Verizon To Follow Lead Of AT&T, T-Mobile; Try Some Sort Of Sponsored Data

The largest wireless provider in the U.S. has also been one of the least innovative in terms of its pricing. Its Chief Financial Officer even said earlier this year that “We’re a leader, not a follower.” And yet, Big V is just beginning to dip its toes into an idea that its competition has been swimming in for quite some time. [More]

(Mike Cook Foto)

Net Neutrality Opponents, FCC Get Their Long-Awaited Day To Argue In Court

We all knew from the moment that the FCC voted to reclassify broadband and protect the open internet back in February that ISPs would file every suit they could think of to kill the rule off again, as thoroughly as could be. The suits were formally filed back in April, but the wheels of justice and government roll at something of a slow grind and so the oral arguments in the case were finally heard today. [More]

AT&T Exec Claims Net Neutrality Delayed “A Bunch Of Stuff”

AT&T Exec Claims Net Neutrality Delayed “A Bunch Of Stuff”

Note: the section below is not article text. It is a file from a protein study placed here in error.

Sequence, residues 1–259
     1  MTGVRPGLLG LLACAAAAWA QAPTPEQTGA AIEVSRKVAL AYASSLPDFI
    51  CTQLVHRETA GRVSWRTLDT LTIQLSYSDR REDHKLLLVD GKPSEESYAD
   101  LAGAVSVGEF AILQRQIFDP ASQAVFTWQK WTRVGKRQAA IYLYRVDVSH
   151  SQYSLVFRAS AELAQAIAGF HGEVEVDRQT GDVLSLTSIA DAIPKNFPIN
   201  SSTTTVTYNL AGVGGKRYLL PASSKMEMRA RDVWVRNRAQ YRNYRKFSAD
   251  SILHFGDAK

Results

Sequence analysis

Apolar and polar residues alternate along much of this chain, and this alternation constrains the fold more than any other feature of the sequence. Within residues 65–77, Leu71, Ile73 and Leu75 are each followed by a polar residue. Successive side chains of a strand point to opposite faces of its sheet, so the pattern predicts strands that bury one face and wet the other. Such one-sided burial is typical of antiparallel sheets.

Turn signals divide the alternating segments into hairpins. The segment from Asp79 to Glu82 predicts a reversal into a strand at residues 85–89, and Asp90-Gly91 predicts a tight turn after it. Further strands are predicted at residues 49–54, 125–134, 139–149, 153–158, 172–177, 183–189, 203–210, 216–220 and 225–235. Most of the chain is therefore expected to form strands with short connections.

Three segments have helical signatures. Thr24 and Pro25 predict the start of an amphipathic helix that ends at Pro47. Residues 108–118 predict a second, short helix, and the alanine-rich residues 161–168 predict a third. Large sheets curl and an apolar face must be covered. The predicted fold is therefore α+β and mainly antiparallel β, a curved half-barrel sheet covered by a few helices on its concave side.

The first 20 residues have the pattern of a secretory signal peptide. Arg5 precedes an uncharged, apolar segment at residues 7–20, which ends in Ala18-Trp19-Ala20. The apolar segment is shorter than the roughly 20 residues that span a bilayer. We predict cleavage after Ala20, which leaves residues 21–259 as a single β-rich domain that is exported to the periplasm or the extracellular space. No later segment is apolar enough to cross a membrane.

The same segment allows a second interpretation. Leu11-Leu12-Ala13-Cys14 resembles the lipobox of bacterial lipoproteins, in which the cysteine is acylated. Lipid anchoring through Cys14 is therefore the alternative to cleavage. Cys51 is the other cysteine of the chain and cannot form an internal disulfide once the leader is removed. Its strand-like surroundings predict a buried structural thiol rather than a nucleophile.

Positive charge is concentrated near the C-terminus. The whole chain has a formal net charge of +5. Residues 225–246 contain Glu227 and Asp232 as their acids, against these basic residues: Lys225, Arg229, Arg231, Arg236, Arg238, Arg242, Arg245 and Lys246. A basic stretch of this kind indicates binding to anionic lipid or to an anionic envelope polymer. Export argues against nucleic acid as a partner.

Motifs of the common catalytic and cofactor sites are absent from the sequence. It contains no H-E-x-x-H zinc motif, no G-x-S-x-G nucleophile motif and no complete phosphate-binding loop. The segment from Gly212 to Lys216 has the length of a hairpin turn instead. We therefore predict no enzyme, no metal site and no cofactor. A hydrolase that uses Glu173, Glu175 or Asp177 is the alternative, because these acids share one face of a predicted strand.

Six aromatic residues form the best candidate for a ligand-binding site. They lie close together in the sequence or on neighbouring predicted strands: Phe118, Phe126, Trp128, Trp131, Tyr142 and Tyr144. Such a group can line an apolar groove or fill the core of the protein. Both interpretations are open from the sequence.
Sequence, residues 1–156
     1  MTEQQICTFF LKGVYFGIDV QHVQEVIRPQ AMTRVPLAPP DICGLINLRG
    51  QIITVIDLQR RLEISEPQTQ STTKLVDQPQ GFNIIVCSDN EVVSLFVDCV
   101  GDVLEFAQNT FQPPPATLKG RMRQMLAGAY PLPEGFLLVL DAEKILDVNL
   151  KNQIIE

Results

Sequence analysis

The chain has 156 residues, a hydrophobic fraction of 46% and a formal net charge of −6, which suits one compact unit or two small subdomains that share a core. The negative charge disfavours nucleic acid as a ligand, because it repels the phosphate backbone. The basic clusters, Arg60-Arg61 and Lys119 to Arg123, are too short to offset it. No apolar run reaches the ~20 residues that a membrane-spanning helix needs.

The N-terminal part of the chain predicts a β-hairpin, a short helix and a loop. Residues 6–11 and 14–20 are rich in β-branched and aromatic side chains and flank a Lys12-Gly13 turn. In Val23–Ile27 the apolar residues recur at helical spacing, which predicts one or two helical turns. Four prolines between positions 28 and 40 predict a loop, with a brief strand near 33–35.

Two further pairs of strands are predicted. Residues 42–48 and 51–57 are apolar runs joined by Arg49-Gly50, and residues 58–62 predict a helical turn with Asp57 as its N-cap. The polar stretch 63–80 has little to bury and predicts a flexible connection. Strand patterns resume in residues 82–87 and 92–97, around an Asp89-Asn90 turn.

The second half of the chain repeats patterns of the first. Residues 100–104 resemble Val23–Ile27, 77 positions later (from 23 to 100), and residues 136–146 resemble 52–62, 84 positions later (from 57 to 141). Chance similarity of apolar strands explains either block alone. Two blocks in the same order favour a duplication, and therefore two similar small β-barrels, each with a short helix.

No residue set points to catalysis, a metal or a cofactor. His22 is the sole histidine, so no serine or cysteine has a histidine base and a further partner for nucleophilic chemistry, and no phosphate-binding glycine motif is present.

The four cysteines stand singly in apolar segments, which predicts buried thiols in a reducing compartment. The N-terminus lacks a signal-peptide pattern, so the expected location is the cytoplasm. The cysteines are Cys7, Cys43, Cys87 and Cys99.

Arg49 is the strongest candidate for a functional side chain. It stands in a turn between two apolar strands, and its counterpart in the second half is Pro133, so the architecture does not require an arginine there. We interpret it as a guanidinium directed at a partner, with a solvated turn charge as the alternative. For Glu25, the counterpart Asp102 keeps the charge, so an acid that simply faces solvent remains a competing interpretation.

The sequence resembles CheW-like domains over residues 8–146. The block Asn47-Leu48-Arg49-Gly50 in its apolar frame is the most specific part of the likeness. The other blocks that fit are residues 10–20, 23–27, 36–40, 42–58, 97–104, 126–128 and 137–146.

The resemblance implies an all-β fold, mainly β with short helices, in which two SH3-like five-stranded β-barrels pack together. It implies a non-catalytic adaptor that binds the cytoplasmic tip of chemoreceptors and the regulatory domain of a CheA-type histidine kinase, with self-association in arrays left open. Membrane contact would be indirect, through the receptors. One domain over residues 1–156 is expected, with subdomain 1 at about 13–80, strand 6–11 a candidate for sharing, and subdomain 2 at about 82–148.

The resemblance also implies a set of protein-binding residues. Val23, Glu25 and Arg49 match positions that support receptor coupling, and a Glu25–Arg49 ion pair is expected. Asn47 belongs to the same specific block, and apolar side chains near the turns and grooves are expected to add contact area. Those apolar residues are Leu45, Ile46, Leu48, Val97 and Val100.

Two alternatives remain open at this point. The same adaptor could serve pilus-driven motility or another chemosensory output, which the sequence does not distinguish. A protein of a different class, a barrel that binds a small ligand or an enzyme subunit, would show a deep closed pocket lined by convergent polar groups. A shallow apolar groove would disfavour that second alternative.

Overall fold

Tomorrow, the FCC will square off in court against the telecom industry over the recently enacted Open Internet order (aka “net neutrality), which allows the government to regulate broadband in a way similar to its oversight of telephone lines. AT&T, which has sued the government over the neutrality rules, is now making vague claims that the FCC’s actions caused it to hold off on releasing a “bunch of stuff.” [More]

FCC Chair: Video Streaming That Doesn’t Count Against Your Data Caps Is “Innovative” And “Highly Competitive”

FCC Chair: Video Streaming That Doesn’t Count Against Your Data Caps Is “Innovative” And “Highly Competitive”

The FCC’s Open Internet Rule — net neutrality — has been in effect for months now, but that doesn’t mean every question about the ins and outs of who can do what with their network is settled. Far from it, in fact. Some questions, like zero rating, have been hanging out there unresolved all this time. Except now they’re a bit more resolved, and it seems to be totally okay for the time being. [More]

(Byron Chin)

FCC Declines To Force Internet Companies To Listen When You Ask Them Not To Track You